The Centre for Autism and Special pedagogy is a centre and residence for mentally challenged people
The chair was tested on 2 wards, approx. 10 days at each one. Each ward has 4 residents. There were 3 residents in particular who really benefited from using the rocking chair. These three residents are very different. Here is a description of the positive effects.
One resident, a 53 –year-old man with an over-stimulated nervous system, regularly uses the chair. His concentration ability is severely compromised with an outward reaction that follows when overstimulation is brought on by the slightest thing. The man’s nervous system has broken down. It is therefore very hard day to day to find low arousal for this man as his nerve cells always tell him to react to everything. Any manual handling is very hard for this resident. The staff were therefore surprised that the resident was able to spend 20 minutes in the rocking chair.
This man usually listens to a lot of rhythmic music, especially Kim Larsen, probably because the beat is one that his nervous system can follow. However, in the rocking chair he wanted to listen to Niels Eje, which is very calming.
Another resident, a 66-year-old man, severely mentally challenged, was also a regular user of the rocking chair. The man is often moody, becomes sad and displays anger towards the other residents if they make loud noises and if attention isn't on him. He also has a tendency towards self-harming behaviour. This resident is also receiving psychomotor treatment and is aware of the feeling of low arousal in his body. Staff experienced that he would become very calm in the rocking chair, and would become almost indulgent of other residents.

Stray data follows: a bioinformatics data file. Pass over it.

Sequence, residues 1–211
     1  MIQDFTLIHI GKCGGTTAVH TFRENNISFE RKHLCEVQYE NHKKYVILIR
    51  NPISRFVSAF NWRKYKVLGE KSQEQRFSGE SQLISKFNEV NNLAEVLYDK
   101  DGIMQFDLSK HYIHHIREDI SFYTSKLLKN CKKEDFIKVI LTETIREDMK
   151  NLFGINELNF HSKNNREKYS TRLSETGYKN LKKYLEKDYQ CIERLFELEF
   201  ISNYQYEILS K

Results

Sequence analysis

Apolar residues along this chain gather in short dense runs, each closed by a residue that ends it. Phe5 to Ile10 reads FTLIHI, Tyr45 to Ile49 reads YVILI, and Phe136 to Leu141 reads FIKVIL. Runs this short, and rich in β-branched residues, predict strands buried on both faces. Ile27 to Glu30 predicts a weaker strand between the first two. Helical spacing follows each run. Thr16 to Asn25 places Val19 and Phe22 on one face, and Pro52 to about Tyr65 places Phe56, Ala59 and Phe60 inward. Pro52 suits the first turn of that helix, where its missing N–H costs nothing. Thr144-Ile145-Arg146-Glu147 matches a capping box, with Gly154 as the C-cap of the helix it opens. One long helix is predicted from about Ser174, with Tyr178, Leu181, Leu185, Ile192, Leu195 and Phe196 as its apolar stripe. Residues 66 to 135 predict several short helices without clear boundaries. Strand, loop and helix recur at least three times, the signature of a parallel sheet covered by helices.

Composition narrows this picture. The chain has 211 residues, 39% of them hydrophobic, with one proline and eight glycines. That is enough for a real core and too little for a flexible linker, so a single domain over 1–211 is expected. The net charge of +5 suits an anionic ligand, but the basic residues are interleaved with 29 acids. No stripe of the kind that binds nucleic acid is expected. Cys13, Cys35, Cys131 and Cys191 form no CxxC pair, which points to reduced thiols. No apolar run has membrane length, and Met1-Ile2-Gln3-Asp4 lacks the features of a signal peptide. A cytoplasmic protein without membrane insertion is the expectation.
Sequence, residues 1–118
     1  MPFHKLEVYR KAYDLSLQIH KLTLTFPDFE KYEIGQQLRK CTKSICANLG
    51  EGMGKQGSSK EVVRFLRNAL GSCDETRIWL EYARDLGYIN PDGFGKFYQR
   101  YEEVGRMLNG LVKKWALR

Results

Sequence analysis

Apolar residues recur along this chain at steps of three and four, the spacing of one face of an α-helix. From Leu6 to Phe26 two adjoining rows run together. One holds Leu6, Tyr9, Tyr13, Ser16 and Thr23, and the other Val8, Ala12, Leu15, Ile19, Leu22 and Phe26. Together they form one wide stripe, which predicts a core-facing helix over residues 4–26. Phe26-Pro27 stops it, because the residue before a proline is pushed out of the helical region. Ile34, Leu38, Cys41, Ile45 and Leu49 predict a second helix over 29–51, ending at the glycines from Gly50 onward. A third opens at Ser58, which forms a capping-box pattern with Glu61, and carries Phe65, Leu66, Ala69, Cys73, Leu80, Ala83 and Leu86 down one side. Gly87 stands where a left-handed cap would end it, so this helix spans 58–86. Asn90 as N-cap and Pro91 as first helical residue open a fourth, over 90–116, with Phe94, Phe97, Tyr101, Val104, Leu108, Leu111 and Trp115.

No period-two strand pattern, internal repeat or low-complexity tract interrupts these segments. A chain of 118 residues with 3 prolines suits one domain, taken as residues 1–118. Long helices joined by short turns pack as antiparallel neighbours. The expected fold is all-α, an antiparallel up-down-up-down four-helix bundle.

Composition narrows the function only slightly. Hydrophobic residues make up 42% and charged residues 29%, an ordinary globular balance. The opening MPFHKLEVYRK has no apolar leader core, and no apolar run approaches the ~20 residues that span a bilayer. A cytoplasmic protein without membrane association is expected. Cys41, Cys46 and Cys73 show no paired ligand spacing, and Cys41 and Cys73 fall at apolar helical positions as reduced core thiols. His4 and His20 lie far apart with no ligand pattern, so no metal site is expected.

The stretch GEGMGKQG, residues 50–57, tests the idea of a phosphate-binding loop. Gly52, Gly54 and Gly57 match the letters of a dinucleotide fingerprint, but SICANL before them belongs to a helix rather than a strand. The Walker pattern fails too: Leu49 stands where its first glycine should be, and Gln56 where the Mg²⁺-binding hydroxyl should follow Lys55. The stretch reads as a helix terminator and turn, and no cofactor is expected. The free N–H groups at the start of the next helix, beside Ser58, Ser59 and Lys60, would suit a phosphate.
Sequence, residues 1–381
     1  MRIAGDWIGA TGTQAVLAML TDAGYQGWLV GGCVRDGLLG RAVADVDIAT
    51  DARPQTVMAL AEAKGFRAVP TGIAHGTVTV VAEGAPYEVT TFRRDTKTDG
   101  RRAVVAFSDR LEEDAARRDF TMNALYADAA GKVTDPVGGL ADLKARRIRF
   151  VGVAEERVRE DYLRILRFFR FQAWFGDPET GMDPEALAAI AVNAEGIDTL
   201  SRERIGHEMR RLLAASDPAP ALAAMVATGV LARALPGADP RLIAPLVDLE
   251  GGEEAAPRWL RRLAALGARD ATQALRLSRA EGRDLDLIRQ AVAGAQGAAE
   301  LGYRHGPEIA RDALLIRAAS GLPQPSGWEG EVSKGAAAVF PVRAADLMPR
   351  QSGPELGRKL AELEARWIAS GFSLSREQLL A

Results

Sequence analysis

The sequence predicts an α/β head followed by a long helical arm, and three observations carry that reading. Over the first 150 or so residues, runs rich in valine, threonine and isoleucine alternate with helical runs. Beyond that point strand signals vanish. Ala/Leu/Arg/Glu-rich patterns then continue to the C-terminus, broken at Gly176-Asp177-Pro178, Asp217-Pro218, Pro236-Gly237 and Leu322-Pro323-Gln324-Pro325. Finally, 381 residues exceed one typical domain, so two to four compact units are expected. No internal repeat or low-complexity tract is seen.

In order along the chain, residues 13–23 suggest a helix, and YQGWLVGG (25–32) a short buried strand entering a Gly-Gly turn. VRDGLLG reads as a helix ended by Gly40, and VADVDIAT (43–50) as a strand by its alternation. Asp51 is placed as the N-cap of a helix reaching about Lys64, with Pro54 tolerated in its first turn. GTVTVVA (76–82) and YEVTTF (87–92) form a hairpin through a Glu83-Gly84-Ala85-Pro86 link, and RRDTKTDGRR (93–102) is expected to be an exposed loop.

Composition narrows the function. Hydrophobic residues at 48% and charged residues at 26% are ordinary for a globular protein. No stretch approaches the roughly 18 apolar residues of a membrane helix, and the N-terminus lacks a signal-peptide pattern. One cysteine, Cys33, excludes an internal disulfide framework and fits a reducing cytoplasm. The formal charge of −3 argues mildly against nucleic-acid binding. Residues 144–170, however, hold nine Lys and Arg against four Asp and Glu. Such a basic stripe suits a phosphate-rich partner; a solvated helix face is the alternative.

When he sat in the chair and experienced the effects of the rocking, his nervous system independently found parasympathicus and remained in low arousal after 20 minutes. This resident independently asks to leave the chair when he is ready. And a few hours later he is easier to motivate to do activities and in a better mood. You cannot underestimate how a person in a better mood will get a more positive response from the world around them. And that’s a good way to start.
The third resident is a young 36 year-old man with autism. He is very restless with extremely low concentration levels, also related to anxiety. This young man was able to sit in the chair for 15-20 minutes.
This resident also works with a psychomotor therapist and recognises low arousal, but with the rocking chair can find calm and experience higher levels of concentration in subsequent tasks.
We have been delighted with the offer to try out the chair. It has also triggered many professional discussions.
Connie Hansen, Psychomotor therapist
and the staff at the Centre for Autism, Solisterne CAS 2.0 and 2.1.